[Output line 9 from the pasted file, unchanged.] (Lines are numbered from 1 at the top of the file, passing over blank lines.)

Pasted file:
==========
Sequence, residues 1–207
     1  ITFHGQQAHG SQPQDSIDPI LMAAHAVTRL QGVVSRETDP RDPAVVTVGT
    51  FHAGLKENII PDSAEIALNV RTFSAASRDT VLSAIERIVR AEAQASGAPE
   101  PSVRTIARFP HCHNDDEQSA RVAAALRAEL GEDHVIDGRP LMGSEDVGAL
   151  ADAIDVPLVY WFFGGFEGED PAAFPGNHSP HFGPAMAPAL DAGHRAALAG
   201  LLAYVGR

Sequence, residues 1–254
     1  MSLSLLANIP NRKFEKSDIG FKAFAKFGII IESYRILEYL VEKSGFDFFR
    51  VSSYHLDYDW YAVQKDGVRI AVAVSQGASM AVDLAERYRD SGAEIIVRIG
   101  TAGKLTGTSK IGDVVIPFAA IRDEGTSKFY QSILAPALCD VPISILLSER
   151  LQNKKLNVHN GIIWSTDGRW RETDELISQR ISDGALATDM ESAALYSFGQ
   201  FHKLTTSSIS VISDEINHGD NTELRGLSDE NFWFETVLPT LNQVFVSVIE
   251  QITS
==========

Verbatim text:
    51  VSSYHLDYDW YAVQKDGVRI AVAVSQGASM AVDLAERYRD SGAEIIVRIG